This winter, I once again have the chance to offer a graduate seminar course on any topic I want. (Yay!) A couple months ago, I brainstormed a list of topics I liked and polled my grad students to see if there were any that particularly appealed to them. The results of the poll were, shall we say, indecisive:

Narrowing down to just one topic that would make everyone happy seemed like a lost cause. Fortunately, I didn’t have to pick just one! Two of the topics in particular – multitier/choreographic programming, and local-first software – seemed to present an especially interesting juxtaposition, and so “Distributed Software Systems: Global-First and Local-First Perspectives” was born.

Global first!

In the global-first part of the course, we’ll study multitier programming and choreographic programming – distributed programming paradigms in which a single, unified program expresses the behavior of multiple participants. We call this approach “global-first” because in multitier and choreographic programming, one begins by considering the behavior of an entire system rather than the behavior of individual participants. While various approaches to distributed programming purport to “let you think about your application as a single program that happens to run on multiple machines, rather than a collection of programs running on different machines that talk to one another”, global-first programming takes this point of view to the extreme: in global-first programming, you have no choice but to think of your application as a single program.

Our exploration of the multitier and choreographic programming research literature will include pioneering work, such as the Links programming language from the mid-2000s, as well as recent work such as the Pirouette language. As we read these papers, we’ll consider the strengths and weaknesses of a global-first approach. For example, a strength of choreographic programming is “deadlock-freedom-by-design”: because communication between participants can only be expressed by a single language construct (which compiles to a message send on one participant and a receive on another), it is impossible for the resulting collection of programs to contain a mismatched send and receive. On the other hand, much work on choreographic programming assumes that communication must be instantaneous, synchronous, and lossless. Can the promise of deadlock-freedom-by-design actually be realized on an asynchronous Internet where “everything fails all the time”? Furthermore, does a global-first approach make sense for applications where we may not know in advance how all participants in an execution will behave or how they should interact?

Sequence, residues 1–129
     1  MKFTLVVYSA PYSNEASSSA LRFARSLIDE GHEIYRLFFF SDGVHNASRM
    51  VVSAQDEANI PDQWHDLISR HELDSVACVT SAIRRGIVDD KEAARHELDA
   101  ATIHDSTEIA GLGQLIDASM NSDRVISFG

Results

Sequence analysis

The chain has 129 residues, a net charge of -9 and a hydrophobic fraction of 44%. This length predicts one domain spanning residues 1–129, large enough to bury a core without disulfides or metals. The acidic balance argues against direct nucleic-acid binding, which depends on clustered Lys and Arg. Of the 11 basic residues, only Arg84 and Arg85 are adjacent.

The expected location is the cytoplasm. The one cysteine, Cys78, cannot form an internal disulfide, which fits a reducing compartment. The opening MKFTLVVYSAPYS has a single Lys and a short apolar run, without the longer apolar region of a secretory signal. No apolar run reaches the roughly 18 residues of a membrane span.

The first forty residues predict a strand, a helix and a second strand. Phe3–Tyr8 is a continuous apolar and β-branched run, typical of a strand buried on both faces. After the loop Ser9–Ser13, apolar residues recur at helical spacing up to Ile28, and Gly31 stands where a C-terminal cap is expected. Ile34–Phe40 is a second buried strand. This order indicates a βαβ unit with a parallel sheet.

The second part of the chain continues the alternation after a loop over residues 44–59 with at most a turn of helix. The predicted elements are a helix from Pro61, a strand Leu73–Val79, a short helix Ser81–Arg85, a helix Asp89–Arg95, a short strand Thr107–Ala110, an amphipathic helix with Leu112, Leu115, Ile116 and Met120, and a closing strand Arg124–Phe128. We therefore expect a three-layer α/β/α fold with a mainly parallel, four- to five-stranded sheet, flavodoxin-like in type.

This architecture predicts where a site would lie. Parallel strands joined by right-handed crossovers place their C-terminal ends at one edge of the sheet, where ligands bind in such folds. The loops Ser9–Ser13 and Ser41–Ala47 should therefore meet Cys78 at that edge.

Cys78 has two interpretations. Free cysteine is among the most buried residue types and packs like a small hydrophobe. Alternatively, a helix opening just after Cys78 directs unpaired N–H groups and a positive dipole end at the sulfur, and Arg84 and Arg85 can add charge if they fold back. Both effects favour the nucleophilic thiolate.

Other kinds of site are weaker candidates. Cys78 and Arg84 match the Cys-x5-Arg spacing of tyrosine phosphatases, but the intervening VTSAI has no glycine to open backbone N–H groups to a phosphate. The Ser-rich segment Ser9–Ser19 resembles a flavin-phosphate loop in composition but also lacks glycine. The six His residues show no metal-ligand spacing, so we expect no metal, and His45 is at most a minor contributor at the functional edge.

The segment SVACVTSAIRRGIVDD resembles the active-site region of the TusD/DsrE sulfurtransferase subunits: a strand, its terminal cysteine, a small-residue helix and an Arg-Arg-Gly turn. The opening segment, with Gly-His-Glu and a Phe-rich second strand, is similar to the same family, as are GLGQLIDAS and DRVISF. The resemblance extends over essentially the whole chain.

Local first!

In seeming contrast to multitier and choreographic programming is the notion of “local-first” software, in which network connections are expected to be intermittent, different participants may be running different versions of an application, and individuals operate autonomously with a minimum of centralization and coordination. The local-first ethos also emphasizes user agency, privacy, security, and long-term preservation of data, and we hope to honor these principles in our study of local-first software – while resisting techno-utopianism and longtermism.

In this part of the course, we will aim at developing an understanding of what local-first software means in terms of technical requirements, especially from a languages and systems perspective. Local-first software should work when a network connection is absent or intermittent, and after reconnecting, there should be a way to resolve Alice’s edits against the edits made by Bob and Carol while Alice was offline. Network storage and peer-to-peer connectivity may be necessary. Conflict-free replicated data types – data structures designed for replication across multiple participants in a setting where coordination may be infrequent – have been proposed as a foundational technology for local-first software, and have seen much attention in the programming languages and verification research world in the last ten years. Content-addressable storage will also be a topic of discussion: it is particularly well suited to decentralized systems, in which the contents of the data to be retrieved are more important than its current physical location.

At the end of the course, we’ll attempt to synthesize what we’ve learned from studying global-first and local-first distributed software systems into a coherent whole. Perhaps these paradigms need not be at odds with each other. Can we write local-first software in a global-first paradigm?

Students wanted!

If you think all this sounds interesting, I’ve posted a draft schedule of readings for those interested in following along with the course material. If you’re a computer science grad student (or an ambitious undergrad, perhaps?) at UC Santa Cruz, check out the course overview and consider enrolling in the class – there’s currently a waitlist, but it’s likely that some people will drop. I’d also welcome anyone who just wants to hang out and audit the class. Finally, if you’re not a computer science student at UC Santa Cruz, but you think you might want to be, then let’s talk.